The Scottish Green Party say the Electoral Commission has “serious questions” to answer, as they accuse a smaller party of “electoral deceit” which may have cost them two MSPs.
They are furious about the logo of Independent Green Voice as it appeared on ballot papers – featuring a leaf and the word “green” in a similar typeface to that of the Scottish Green Party.
Independent Green Voice was registered in 2003, though Patrick Harvie and Lorna Slater’s party say it is now being used as a front for the far right.
It has almost no online presence and appears to have done little campaigning, but it nevertheless received 2,220 votes in the Glasgow regional list.
The Scottish Green Party said this may have led to them missing out on a seat, as they were beaten by the Conservatives for the final place on the list by less than 1,000 votes.
Mr Harvie and Ms Slater’s party say a similar situation took place on the South of Scotland regional list.
A spokesperson for the Scottish Greens said: “Independent Green Voice, now a front for fascists, was allowed to use a logo with ‘green’ in big letters and the other words in small print on the ballot paper.
“This attracted enough votes to potentially prevent two additional Scottish Green MSPs to be elected, one in Glasgow and one in the South of Scotland.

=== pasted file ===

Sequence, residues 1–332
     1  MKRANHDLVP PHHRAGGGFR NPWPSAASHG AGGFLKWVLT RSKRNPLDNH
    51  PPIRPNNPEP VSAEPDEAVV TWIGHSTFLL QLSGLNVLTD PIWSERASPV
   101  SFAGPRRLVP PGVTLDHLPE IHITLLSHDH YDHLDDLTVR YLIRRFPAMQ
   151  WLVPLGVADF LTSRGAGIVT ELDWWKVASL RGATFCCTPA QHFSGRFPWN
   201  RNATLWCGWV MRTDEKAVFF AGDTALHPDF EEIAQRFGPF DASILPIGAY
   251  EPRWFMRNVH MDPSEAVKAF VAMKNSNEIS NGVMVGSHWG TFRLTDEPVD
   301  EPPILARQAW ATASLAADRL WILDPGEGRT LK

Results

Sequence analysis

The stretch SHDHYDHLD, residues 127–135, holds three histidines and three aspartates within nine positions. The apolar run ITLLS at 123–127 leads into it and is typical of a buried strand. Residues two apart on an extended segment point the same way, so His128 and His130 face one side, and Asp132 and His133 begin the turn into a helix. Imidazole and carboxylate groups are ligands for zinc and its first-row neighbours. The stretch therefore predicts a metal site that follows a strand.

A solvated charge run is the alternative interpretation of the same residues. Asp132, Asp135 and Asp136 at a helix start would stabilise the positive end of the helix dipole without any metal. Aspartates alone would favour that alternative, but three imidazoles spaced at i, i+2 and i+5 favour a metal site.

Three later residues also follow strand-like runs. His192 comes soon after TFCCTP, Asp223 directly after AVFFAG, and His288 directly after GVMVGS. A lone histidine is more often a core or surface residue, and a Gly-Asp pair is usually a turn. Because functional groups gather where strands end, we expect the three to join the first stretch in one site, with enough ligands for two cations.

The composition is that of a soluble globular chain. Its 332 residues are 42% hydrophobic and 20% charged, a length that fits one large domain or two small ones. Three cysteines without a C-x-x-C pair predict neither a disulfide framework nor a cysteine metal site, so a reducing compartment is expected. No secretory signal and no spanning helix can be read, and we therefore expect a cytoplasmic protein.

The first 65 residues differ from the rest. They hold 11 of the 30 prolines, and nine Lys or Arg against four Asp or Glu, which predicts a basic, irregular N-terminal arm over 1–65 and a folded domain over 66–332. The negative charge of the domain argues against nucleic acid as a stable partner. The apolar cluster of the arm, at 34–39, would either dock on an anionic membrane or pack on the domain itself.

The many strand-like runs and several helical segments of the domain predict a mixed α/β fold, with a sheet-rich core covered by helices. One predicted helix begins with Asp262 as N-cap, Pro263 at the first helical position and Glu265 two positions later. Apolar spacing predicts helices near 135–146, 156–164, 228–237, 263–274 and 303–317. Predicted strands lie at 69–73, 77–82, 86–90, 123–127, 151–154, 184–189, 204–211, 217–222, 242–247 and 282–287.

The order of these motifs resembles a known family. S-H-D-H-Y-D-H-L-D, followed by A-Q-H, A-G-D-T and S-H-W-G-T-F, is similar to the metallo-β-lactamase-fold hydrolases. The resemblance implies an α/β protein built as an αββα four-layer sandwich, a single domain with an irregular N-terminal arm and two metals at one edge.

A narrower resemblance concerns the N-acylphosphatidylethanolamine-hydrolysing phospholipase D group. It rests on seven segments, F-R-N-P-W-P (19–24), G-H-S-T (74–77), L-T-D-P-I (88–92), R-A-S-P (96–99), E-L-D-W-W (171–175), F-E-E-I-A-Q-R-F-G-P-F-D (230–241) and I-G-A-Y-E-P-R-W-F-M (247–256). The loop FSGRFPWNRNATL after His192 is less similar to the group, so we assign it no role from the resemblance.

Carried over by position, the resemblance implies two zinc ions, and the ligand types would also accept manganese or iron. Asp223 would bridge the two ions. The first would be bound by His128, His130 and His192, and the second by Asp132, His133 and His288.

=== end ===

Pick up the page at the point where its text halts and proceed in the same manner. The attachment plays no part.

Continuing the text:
“There are serious questions about how the Electoral Commission allowed such blatant electoral deceit.”
Ahead of the election, Green MSP Ross Greer urged supporters to avoid “fake” candidates standing under the green umbrella.
Rules around party registration mean the elections watchdog can only take action where there is “likely” to be confusion between parties, rather than the mere possibility of confusion.
There is nothing to prevent more than one party having a word such as “green” in its title.
Records show Independent Green Voice has been registered since 2003 but it adopted a new logo in March 2021, replacing a “thumbs up” symbol with one of a leaf.
A spokeswoman for the Electoral Commission said: “We assess all applications for party names and emblems against the criteria set out in law, including the requirement to ensure that in our opinion voters would not likely be confused between two parties as a result of how their identity marks look on a ballot paper.
“If a party’s application meets the legal criteria it must be registered. As part of our assessment process we invite comments from the public and other parties.”
She continued: “No concerns were raised with us in relation to this application to add an emblem to a long-registered party.
“There were no previously registered emblems that were visually similar such as was likely to cause confusion.
“We are satisfied that there are clear and sufficient differences between the two party’s registered names, descriptions and emblems to avoid confusion.”